Scientists and Experts Identify Five Most Promising Application Areas for Magnetoresistive Sensors

In the next 15 to 20 years—except for the information reading and recording technology—the hypersensitive sensors working under the magnetoresistive principle will be used in a large number of novel fields.

Bristol Robotics Laboratory, Stoke Gifford, United Kingdom. (Image credit: Louis [email protected]_louisreed, Unsplash)

Among these products are the position, flexible electronics, and biomedicine sensors, as well as computer-human interaction, different kinds of monitoring, autonomoustransport, and navigation. An article about this concept has been reported in the industry journal, IEEE Transactions on Magnetics.

At Far Eastern Federal University (FEFU), researchers collaborated with an international team of experts in order to detect five of the most potential application areas for magnetoresistive sensors. After performing a detailed analytical work, the team drew up development roadmaps of the sensor sector for the next 15 to 20 years and highlighted the most potential means to commercialize scientific outcomes in this research field.

Magnetoresistive sensors are distinguished by high sensitivity, low cost, low power consumption, and compactness. Their properties vary depending on the application. Today, this industry develops rapidly, sensors sensitivity increases constantly, the path from research to real technology takes a short time. We believe there is a very wide application area for such sensors. For example, in biomedicine, due to supersensitive sensors that receive signals from the magnetically marked organs of the human body and DNA molecules, it will be possible to accurately determine potential genetic diseases and select a treatment that fits best. Corresponding systems may appear around 2030.

Alexander Samardak, Associate Professor, Department of Computer Systems, FEFU School of Natural Sciences.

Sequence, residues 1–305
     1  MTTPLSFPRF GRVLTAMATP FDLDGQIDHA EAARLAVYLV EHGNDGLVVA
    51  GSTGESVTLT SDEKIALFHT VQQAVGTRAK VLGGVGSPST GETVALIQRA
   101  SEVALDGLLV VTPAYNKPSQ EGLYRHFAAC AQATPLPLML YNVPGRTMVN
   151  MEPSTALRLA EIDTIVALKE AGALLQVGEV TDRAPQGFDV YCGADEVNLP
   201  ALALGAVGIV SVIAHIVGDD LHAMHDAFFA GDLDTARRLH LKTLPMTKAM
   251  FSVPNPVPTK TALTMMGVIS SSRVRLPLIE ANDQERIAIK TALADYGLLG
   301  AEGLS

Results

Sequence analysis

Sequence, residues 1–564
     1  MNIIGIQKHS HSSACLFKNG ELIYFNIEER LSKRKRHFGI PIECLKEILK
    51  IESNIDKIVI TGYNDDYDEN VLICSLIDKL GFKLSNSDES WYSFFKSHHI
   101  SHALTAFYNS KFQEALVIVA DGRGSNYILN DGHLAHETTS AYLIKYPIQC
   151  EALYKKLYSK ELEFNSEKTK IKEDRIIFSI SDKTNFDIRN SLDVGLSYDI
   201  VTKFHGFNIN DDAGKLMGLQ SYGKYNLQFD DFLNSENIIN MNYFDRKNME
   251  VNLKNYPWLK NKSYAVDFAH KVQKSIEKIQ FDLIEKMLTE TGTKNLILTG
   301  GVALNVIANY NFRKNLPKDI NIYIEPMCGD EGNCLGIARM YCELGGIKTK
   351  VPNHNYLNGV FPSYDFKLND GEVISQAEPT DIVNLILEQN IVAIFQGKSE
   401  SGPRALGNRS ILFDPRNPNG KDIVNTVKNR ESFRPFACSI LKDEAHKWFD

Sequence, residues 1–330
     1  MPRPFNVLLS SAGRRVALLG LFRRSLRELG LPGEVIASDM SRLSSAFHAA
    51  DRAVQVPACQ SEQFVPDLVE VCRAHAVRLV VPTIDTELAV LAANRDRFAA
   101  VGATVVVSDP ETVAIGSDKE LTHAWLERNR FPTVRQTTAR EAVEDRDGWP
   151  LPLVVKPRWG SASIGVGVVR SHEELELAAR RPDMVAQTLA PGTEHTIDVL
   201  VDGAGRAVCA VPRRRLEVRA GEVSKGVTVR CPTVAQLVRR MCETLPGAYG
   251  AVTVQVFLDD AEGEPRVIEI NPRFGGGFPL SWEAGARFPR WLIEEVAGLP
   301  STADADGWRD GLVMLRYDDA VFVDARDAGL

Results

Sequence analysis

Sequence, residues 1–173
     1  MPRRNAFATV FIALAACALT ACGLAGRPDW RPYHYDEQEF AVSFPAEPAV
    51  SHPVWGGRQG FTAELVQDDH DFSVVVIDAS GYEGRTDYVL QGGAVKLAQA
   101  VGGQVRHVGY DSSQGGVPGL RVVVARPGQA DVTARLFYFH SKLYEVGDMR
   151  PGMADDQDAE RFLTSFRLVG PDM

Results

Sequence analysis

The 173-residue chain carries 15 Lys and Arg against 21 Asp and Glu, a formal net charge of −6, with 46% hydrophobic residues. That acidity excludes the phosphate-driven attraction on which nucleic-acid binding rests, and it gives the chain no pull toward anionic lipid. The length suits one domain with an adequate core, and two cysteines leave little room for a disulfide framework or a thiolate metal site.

According to the researchers, the use of magnetoresistive technology has been found to be promising in many flexible portable electronic gadgets, such as wristbands, smartphones, and so on. Devices that run on these kinds of sensors have the potential to endure a huge number of stretching and extension/flexion cycles without compromising the sensitivity properties.

The resistance of the sensors to mechanical deformation is continuing to increase together with additional development in this field. Between 2023 and 2025 and around 2030, users will experience flexible and super flexible devices, respectively. By this period, durable and highly sensitive sensors that can be produced cost-effectively and capable of identifying rapidly flowing processes should emerge, more or less. Rather than a silicon substrate, they can be possibly printed on textiles and paper. Where the human-computer interaction systems are concerned, the wheelchair controlled by the sensor and directed by the head movement was created earlier in 2003.

Today, the movements of different parts of the human body can be effectively captured, processed, and recorded by means of magnetoresistive and inertial sensors. Highly likely, such data will soon come in handy for the development of AR and VR systems and applications.

Alexey Ognev, Professor, Department of Computer Systems, FEFU School of Natural Sciences.

One of the labs for the fabrication of such kinds of AR and VR devices functions in FEFU within the National Technology Initiative Center for Virtual and Augmented Reality opened in the university.

Integrated with high sensitivity sensors, VR and AR systems may emerge soon in the next upcoming years. Human-wearable controllers will replace the ever-present control joysticks. Moreover, sensors incorporated into biomechanical artificial limbs will improve their movements’ precision. By around 2032, autonomous vehicles systems will be completely realized and can be safely used and controlled without the participation of humans.

According to Alexander Samardak, magnetic sensor networks are utilized for implementing projects in such areas like smart medicine, including psychological aid and assistance for disabled people, smart homes, and also as a basically varied level of smart transport. In fact, sensory systems will literally interlace human life. The “cloud” will store huge amounts of readout data, which a person can access remotely from various personal gadgets, including a smartphone. With time, the demand for low-cost, reliable, and stable production of smart sensors will only continue to grow.

Furthermore, the researchers observed that sensors operating under the principle of Hall effect are the closest competitors of magnetoresistive sensors available on the market.

Scientists from China, Russia, Singapore, South Korea, Taiwan, Portugal, the Czech Republic, the United States, and the United Kingdom participated in the analytical work.

Researchers reached their conclusions on the basis of the analysis of patent statistics over the past six decades. They have also analyzed specialized scientific publications, considering the advanced and fast development of the magnetoresistive technology sector.

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